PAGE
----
Building a ship in a bottle

Check out my 3D model of DNA Lounge. A work in progress...

I haven't colorized anything yet, and there are still a lot of details missing, but it's kind of ridiculously detailed already.

Suggestions from SketchUp experts welcome...

Previously, previously, previously.

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18 Responses:

  1. ducksauz says:

    You know someone's going to 3D print this on a reprap once you're done, don't you?

  2. Edouard says:

    Looking nice! Do you want to make the model available once you've finished with it? It might be fun to render it...

  3. The light system appears to be missing. I'll bet you couldn't be bothered to model the DJ gear either. Those CD players look awesome; you can't just leave out fantastic details like that, now can you?

    also, how long do you think it will be until this ends up in second life so virtual furries can have dance parties and virtual furrie sex in it?

    • jwz says:

      Patches gladly accepted.

      Seriously, go find me .skp models of these things. They might actually exist.

    • pavel_lishin says:

      "Are you tired of being kicked out every time you piss on a curtain in DNA Lounge? Now, you can do it in Second Life, for the low, low price of $10.99! (Urinating penis and DJ Set not included.)"

      • Kevin says:

        There is probably a huge business opportunity to model real-life exclusive clubs in Second Life. "Now you too can party at the Playboy Mansion!"

  4. Richard says:

    Impressive. You nut with no time management skills, you.

    My main recommendation is one of the ones I had last time: more layers.

    I like to put big collections of stuff like "first floor" and "roof" and "exterior walls walls" and "floor joists" and the like into layers. (Recalling that a "layer" is an attributes of an object, not a strictly hierarchical level or levels of the group-membership tree as in Illustrator.)

    Then use the layer panel to quickly and easily hide stuff when you're working on interiors or on another part of the model than might get obscured from an otherwise useful viewpoint.

    Remember that you can, for example, have an entity have attribute "exterior wall" while also being part of a group that has attribute "first floor". That's extra useful because you can turn off all exterior walls while keeping the rest of the model, or turn off everything on the first floor while keeping other exterior walls visible.

    Some half-remembered hints for applying textures:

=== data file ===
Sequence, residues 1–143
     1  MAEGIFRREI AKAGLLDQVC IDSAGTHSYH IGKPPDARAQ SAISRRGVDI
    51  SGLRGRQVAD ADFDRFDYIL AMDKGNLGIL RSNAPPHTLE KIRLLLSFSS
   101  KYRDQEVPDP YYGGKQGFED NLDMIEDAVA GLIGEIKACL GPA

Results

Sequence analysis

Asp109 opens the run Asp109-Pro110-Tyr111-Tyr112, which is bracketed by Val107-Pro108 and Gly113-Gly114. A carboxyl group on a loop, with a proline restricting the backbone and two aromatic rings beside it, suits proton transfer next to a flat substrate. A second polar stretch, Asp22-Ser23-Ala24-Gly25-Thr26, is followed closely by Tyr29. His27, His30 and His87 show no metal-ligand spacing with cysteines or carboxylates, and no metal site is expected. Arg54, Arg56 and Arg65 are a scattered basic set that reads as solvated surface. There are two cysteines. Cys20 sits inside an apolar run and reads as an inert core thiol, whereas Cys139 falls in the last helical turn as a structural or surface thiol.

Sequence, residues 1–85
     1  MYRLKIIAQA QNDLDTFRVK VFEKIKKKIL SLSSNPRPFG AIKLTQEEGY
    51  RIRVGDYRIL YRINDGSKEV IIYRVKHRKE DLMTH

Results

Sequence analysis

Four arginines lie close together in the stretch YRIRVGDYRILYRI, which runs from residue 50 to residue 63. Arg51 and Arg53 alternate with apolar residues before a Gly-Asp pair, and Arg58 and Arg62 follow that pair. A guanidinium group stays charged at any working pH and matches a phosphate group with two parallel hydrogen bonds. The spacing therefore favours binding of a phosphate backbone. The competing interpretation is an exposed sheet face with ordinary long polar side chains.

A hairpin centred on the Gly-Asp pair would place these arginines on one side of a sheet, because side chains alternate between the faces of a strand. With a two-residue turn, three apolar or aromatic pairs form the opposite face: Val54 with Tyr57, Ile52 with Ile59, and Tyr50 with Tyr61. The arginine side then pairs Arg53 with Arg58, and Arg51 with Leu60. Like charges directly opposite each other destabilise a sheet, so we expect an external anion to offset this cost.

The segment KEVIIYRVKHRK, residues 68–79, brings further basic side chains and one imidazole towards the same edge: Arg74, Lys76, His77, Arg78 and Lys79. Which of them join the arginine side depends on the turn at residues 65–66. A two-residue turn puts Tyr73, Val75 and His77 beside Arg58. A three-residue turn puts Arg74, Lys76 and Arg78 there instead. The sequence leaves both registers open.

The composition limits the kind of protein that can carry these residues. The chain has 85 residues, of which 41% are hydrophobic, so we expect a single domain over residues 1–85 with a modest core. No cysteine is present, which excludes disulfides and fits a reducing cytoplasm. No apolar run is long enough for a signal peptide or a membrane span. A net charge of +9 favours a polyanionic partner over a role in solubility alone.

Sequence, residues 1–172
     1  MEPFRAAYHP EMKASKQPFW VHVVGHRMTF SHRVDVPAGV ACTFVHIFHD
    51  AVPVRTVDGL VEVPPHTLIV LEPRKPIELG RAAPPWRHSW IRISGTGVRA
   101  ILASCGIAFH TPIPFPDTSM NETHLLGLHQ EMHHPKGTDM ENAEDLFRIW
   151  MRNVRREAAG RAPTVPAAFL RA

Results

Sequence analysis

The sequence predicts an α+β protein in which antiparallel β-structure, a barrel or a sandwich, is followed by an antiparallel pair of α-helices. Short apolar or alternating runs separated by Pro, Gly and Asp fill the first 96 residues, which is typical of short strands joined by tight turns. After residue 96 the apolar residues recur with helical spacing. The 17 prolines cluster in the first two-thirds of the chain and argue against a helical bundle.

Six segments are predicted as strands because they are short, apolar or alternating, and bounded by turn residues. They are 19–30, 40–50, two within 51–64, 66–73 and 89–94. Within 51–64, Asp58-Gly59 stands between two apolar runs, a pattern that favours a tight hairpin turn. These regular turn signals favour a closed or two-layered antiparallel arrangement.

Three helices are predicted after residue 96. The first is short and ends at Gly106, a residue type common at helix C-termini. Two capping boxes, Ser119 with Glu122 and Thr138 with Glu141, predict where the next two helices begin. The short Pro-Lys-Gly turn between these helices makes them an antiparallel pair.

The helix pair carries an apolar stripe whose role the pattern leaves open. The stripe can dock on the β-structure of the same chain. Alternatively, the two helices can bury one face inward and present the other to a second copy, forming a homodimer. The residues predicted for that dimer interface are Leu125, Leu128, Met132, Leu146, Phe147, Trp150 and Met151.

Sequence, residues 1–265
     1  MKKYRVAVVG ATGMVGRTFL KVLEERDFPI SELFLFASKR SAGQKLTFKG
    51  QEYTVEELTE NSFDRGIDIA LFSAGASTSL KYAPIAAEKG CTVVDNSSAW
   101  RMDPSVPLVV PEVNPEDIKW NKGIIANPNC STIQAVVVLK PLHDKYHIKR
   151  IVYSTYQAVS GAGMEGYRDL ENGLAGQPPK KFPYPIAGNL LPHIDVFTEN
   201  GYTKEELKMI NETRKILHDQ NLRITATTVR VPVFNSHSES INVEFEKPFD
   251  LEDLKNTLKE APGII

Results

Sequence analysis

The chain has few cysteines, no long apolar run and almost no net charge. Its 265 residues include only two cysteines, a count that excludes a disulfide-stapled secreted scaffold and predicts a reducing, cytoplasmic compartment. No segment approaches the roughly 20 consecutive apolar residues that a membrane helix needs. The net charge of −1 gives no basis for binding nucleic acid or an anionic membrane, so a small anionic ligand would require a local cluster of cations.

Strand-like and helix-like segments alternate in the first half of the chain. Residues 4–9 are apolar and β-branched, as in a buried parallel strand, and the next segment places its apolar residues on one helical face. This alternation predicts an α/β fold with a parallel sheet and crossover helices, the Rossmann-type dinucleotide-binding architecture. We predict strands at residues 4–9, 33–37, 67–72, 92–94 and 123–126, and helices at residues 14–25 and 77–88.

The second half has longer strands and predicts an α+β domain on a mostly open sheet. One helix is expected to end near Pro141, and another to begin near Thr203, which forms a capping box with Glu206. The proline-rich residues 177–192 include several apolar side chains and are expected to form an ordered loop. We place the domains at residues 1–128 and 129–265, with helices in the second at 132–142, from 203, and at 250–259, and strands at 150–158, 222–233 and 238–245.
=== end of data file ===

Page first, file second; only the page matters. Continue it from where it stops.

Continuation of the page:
* You'll learn now that you had to be really careful about the forward (whiter) and reverse (purpler) sides of every single damned surface. Looks like you have been, though.

    * Don't apply textures to individual surfaces if you can help it. Paint groups and entities and components where possible. (Note that I make pretty much everything into a group, even random rectangular surfaces, unless I actively want it to be subject the as-often-as-not-infuriating geometry-merging business.)

    First advantage is that you can edit the object without being distracted by texture that is applied to it.

    This of course can be done by changing the global view style, but I found it useful to work this way independently of that.

    For re-used mono-chromatic components I go so far as to put the un-coloured guts inside a group (ie the group contains everything but the final texture) which then gets painted as a whole.

    Second is that it's far easier to change the paint if it's sloshed once onto an entire group than if you have to hunt down each affected surface.

    * I don't know if it is still this way, but there used to be some fuckage (by my definition of what I wanted happening) where objects that were scaled end up with texture being scaled the same way. This wasn't a problem with plain paint, but if you had, say a object "1x1x1m cube" which you stretch out elsewhere for bigger and smaller cubes, then the other guys would have bigger and smaller ceramic tiles or leaves or gravel or whatever if they were painted that way, which is almost never desirable. I used to get screwed by scaling a group (eg a rectangle representing a beam) and having the final texture get distended -- this is surprising, whereas scaling the texture on a scaled component (titanic "Arthur Dent throwing the Nutrimatic Cup") is a bit less so.